For every time period in history and every geographic area of the world, there are sets of general skills that can make a person seem more trustworthy, competent, and hirable then his or her peers. And right now is no exception.
If you're trying to navigate the current American labor landscape, then there are a few must-have skills. Employers value these abilities more than they ever have, and possibly more than they ever will again. What traits and skills do modern employees need most?
1. Written Communication Skills
It may seem odd in a world where books and paper are giving way to screens and feeds, but in this day and age, we write. We all write, all day long, and we rely on written words more than ever before.
The subtle implications of a text message or one-line email have the power to make or break a career. And if quick messages are important, the word choices we make in proposals, ads, resumes, and formal reports carry even more comparative weight.
What's more, as written communication becomes more vital, high levels of skill in this area become harder for employers to find. Those with strong writing abilities are very valuable right now, and probably will be for a long time.
2. Muti-Tasking Ability
With distractions hurling at us from all sides, multitasking isn't just a job skill in our day and age—it's a survival skill. Our performance is often better and stronger when we focus on one task and one demand at a time…but for most of us, that just isn't an option. We need to work within the environment that surrounds us, and we need to make the most of the tools we're given. Sometimes this means we simply have to do two, three, or five important tasks at the same time. And like it or not, we have to do all of them well.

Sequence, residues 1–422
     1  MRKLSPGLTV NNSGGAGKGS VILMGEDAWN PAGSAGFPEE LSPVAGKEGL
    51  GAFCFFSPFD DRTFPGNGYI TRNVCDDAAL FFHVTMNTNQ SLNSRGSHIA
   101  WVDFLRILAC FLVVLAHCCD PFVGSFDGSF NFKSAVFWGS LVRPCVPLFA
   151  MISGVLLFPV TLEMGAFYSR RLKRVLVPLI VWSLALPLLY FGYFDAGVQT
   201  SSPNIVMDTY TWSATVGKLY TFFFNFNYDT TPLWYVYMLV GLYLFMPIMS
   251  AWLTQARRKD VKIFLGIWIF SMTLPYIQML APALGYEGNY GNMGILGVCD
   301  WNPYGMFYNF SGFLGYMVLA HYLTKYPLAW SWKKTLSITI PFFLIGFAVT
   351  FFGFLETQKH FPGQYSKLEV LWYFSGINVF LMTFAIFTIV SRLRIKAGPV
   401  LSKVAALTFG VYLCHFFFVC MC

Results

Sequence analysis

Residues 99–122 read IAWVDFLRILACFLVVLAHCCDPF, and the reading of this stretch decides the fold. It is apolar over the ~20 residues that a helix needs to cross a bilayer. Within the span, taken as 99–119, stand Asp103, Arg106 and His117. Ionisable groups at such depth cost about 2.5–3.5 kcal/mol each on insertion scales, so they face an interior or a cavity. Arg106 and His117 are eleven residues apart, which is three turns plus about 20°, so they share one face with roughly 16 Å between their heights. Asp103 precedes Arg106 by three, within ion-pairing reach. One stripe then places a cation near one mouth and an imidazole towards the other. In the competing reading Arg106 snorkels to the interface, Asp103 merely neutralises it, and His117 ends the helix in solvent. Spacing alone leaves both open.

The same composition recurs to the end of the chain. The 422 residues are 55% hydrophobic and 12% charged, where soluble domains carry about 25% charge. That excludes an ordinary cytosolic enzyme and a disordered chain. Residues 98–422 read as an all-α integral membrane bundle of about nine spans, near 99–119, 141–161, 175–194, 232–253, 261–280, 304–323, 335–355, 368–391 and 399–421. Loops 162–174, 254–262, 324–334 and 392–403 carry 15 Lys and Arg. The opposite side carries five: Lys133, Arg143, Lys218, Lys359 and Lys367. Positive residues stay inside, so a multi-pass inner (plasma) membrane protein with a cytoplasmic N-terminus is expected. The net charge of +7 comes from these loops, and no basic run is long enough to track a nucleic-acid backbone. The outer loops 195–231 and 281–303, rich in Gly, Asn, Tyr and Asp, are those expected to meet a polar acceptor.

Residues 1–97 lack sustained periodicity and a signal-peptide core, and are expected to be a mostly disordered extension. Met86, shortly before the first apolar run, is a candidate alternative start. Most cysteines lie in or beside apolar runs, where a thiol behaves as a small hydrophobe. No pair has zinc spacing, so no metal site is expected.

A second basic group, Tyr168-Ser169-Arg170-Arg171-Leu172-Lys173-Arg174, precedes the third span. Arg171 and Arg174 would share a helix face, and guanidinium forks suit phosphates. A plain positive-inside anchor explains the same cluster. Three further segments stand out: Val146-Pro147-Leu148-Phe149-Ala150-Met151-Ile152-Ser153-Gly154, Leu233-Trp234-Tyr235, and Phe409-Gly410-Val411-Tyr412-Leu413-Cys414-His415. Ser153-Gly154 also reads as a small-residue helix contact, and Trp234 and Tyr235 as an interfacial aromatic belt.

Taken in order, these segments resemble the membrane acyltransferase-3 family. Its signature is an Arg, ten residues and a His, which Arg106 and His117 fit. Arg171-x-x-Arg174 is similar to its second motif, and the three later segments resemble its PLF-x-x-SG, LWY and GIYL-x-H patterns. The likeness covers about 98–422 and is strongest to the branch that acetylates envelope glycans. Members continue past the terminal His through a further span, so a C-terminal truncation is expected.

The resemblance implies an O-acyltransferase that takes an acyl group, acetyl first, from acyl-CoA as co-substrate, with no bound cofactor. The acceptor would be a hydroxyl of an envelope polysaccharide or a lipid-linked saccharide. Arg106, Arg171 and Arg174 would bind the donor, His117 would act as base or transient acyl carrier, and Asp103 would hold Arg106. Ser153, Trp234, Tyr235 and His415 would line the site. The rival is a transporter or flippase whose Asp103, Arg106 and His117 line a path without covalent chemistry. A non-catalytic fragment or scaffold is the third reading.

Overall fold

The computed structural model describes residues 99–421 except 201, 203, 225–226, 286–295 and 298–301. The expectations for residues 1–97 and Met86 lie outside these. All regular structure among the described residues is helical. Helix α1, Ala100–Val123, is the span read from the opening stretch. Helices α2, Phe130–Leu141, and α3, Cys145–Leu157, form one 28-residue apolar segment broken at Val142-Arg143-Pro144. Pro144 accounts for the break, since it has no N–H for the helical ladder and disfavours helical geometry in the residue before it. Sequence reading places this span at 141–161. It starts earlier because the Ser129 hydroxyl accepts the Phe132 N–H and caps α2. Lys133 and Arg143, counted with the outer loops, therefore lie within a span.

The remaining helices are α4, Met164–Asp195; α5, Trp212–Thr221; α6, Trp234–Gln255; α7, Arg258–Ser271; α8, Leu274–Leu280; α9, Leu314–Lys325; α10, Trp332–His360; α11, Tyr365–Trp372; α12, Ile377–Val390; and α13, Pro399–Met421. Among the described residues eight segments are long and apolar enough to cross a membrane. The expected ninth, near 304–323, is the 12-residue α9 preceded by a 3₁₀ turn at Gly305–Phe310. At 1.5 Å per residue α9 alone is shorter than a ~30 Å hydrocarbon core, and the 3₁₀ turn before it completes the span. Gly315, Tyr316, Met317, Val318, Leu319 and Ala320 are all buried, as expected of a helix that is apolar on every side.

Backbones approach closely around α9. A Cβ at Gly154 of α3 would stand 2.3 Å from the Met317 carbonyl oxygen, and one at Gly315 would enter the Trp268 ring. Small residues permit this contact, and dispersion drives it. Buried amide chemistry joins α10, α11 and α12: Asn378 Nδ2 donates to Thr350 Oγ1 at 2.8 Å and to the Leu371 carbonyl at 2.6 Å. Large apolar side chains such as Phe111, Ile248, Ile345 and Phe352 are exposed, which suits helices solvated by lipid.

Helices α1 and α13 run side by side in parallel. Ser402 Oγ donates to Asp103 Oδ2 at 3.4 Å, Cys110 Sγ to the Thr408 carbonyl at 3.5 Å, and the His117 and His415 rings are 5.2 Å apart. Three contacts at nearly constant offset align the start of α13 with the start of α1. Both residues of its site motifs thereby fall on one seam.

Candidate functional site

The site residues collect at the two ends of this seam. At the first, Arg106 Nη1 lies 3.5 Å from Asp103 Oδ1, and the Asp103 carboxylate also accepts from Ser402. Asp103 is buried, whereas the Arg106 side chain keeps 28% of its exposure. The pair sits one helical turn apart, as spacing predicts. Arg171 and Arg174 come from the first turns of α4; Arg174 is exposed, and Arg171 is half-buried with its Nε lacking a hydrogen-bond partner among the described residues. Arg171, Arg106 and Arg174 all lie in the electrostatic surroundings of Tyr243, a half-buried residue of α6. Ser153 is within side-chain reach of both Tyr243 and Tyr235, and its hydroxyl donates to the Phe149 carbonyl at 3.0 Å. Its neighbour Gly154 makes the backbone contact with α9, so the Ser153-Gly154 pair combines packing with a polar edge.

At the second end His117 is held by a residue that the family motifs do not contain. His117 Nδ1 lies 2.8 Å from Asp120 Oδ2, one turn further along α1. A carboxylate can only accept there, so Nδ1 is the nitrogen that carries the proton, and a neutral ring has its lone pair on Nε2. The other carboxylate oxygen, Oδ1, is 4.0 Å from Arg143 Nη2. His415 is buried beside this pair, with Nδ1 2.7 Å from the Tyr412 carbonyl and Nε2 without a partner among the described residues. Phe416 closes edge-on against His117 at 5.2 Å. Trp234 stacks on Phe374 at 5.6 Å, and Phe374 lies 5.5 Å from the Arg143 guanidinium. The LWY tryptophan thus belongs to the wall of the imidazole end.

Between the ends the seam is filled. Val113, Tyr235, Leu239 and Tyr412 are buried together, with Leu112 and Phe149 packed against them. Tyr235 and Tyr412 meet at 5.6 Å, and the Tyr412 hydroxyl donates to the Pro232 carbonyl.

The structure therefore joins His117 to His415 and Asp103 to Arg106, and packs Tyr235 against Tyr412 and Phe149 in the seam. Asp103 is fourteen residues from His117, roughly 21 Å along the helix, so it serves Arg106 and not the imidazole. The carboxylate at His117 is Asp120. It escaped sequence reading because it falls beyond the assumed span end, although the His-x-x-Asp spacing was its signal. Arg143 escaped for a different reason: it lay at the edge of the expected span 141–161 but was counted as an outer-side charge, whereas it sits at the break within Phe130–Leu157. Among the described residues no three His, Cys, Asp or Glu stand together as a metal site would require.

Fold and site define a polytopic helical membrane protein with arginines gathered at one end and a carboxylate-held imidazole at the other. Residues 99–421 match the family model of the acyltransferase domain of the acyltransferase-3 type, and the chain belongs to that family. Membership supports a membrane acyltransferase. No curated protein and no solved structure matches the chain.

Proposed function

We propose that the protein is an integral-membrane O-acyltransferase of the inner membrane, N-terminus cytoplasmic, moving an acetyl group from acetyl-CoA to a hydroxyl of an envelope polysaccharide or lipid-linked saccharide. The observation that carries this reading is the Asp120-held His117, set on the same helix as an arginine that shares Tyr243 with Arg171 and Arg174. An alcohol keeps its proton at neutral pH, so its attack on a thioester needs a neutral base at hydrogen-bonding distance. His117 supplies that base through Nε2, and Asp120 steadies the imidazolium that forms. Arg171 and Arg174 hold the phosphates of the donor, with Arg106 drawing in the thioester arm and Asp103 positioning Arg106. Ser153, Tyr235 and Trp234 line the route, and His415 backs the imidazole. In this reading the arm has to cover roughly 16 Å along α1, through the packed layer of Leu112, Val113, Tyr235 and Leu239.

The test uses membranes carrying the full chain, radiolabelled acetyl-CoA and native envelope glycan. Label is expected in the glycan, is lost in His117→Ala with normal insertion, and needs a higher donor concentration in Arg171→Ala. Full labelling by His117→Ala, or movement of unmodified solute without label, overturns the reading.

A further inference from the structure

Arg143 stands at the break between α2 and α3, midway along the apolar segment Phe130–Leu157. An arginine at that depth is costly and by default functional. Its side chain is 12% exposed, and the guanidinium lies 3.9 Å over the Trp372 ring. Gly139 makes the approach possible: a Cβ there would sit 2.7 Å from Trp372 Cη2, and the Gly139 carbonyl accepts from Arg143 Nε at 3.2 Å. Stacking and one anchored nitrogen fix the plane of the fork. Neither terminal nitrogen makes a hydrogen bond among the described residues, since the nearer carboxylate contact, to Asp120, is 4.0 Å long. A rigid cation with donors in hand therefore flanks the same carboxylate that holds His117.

Can you work effectively from home without being micromanaged? If so, you possess one of the most valuable skill sets a modern employee can have. Wise employers don't resent sending teams out of the office to work—in fact, they like it, since it allows them to reduce overhead and other expenses. But it's not easy to find employees with the drive and discipline to work entirely on their own.
If you can adapt to the unexpected, work without the benefit of clear instructions, or find your own path instead of waiting to be told what to do, you're in luck. Because employers need these skills, and they're very, very difficult to find. Most people like security, safety, predictability, and clear leadership. So if you can handle the absence of these things while remaining calm, collected, and productive, make sure potential employers know this.
Use Your Resume to Set Yourself Apart
To showcase your best and most valuable assets during your job search, you'll need to start with a strong resume. And you'll need to frame that resume with a cover letter than shows employers—instead of just telling them—what you have to offer. Visit MyPerfectResume for tools, tips, and formatting guidelines that can help you get started.